Henry Bilinsky - Inventor of Drag Reducing "Shark Skin"

Discussion in 'Hydrodynamics and Aerodynamics' started by rwatson, Mar 31, 2018.

  1. rwatson
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    rwatson Senior Member

    Australian inventor Henry Bilinsky has used Shark Skin as a basis for a new drag reduction surface for planes.

    Currently under test by the US Air Force, this nature based design is looking to save millions of dollars for Military and Commercial Airlines by reducing drag.

    "MicroTau is developing a novel method of applying drag-reducing microstructures – called ‘riblets’ – onto the surface of aircraft to reduce fuel consumption.

    Riblets are microscopic ridges spaced a fraction of the width of a human hair apart. As a rule a smoother surface is more aerodynamic, however these ridges – designed over millions of years of evolution – actually decrease drag when compared to a perfectly smooth surface."

    MicroTau http://www.microtau.com.au/

    This may be able to be used in the marine environment with similar results.

     
    Last edited: Mar 31, 2018
    jorgepease and Doug Lord like this.
  2. Dolfiman
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    Dolfiman Senior Member

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  3. philSweet
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    philSweet Senior Member

  4. exp30002

    exp30002 Previous Member

    Yee, go Harry Bilinsky, Go!

    May be I can catch sharks and cover the outside hull with shark skin.
     
  5. rwatson
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    rwatson Senior Member

    I guess it died since 2010 :-(

    MMMRiblet.png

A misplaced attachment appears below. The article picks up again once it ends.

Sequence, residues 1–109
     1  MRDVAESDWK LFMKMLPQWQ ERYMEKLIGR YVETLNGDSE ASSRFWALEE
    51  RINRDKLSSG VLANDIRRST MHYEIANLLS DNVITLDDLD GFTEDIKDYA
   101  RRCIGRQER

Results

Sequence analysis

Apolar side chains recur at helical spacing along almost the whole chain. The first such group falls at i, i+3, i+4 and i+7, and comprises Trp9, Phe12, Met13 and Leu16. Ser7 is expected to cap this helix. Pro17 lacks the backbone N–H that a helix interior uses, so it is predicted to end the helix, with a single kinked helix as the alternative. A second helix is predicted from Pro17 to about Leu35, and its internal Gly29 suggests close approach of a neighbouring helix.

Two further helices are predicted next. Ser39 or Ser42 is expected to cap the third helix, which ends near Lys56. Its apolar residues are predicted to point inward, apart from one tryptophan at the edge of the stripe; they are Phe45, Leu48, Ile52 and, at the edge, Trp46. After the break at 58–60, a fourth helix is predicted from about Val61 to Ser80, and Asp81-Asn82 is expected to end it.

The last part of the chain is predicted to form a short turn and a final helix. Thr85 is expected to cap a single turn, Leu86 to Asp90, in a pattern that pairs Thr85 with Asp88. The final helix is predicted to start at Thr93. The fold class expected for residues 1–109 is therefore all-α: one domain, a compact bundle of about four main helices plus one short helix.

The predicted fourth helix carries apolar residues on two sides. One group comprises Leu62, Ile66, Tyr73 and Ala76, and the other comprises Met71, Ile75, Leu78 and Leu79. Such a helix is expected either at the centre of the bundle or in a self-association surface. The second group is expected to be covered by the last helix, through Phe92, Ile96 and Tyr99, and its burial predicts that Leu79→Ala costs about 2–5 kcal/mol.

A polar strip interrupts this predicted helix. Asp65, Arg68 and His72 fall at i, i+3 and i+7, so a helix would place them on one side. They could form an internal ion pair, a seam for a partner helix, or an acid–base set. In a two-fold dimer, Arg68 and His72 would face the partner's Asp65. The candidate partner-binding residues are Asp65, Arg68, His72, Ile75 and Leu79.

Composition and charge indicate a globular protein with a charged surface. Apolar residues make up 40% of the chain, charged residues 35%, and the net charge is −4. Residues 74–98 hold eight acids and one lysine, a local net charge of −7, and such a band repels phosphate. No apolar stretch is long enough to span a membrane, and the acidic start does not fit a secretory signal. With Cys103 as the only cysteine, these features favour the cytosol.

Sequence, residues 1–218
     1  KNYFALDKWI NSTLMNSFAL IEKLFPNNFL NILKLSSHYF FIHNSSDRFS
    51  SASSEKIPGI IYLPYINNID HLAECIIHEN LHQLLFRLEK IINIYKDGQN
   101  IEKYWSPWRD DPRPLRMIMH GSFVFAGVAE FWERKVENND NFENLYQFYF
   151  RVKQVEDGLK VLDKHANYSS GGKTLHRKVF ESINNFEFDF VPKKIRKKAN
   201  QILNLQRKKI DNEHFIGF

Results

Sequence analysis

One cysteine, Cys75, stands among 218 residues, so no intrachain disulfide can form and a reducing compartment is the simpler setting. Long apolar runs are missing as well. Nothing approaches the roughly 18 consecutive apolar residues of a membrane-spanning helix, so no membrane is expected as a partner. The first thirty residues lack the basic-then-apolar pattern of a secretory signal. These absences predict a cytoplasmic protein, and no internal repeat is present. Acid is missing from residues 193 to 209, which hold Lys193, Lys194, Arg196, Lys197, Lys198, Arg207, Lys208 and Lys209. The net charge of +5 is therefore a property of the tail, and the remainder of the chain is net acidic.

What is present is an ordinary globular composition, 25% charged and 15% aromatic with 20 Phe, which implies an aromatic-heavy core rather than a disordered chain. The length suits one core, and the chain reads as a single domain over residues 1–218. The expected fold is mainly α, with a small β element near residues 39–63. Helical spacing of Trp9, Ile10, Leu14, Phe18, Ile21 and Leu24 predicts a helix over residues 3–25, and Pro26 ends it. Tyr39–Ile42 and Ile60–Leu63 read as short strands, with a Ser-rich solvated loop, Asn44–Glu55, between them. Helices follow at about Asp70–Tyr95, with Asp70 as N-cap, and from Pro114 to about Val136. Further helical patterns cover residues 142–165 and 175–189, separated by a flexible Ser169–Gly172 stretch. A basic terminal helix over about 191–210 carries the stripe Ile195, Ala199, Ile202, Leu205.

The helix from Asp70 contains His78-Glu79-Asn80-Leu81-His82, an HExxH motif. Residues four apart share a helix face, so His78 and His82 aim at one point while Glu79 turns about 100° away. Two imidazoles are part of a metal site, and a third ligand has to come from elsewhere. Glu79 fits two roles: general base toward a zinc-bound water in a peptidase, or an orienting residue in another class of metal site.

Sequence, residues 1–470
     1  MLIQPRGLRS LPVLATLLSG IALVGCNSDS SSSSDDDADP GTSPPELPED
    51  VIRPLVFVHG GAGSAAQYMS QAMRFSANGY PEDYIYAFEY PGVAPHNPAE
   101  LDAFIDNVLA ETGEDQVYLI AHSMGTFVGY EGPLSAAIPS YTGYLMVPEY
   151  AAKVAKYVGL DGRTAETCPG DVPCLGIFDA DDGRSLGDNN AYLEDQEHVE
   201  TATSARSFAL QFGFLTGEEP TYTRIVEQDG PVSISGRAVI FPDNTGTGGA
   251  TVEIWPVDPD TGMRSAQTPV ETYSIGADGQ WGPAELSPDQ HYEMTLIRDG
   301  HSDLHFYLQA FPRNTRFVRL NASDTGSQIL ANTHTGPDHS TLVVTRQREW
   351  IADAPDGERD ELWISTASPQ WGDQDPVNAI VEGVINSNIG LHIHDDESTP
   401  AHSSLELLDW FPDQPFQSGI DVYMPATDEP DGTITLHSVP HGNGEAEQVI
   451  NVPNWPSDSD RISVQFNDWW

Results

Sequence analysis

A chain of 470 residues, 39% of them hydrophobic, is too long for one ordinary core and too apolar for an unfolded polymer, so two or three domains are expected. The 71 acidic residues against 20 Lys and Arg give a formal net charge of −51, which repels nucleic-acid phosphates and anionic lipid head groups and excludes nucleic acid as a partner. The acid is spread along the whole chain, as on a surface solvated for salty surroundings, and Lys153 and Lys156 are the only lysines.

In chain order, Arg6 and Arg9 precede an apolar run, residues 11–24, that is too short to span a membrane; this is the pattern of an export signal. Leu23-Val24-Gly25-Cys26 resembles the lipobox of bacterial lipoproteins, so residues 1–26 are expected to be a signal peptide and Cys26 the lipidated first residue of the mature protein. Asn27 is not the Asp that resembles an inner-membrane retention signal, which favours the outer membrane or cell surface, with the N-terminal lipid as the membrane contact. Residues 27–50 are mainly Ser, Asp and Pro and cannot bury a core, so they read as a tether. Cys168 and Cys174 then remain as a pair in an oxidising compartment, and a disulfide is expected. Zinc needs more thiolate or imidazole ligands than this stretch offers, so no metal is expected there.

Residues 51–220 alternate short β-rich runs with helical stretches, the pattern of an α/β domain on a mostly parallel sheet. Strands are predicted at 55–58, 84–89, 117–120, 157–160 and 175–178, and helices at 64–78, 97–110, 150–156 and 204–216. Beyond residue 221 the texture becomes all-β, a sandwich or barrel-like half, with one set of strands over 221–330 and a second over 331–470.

6. exp30002

    exp30002 Previous Member

    Well, OK.
     
  7. rwatson
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    rwatson Senior Member

    I got an email back from Henry, and he was aware of the 3m product.
    Evidently it didn't make sense economically.

    I have attached an article about the product.
    "After a year on the 18-month programme, Airbus general manager research and technical, Dieter Schmitt, says that the chief problem was fluid contamination filling the grooves on the underfuselage."
     

    Attached Files:

  8. tspeer
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    tspeer Senior Member

    There have been a number of practical obstacles to the adoption of riblets. For sailboats, they are outlawed by the Racing Rules of Sailing, which forbid "specially textured surfaces." For powerboats, biofouling would quickly be a problem.

    FWIW, besides Stars and Stripes in 1987, riblets were also used on the amas of USA 17 in 2010. The latter had finer grooves because of the higher speed of the trimaran.
     

  9. rwatson
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    rwatson Senior Member

    That makes sense. It would just make the gap between rich winners and the rest of the fleet even bigger.
    For around the world sailors though, maybe it would be helpful.
     
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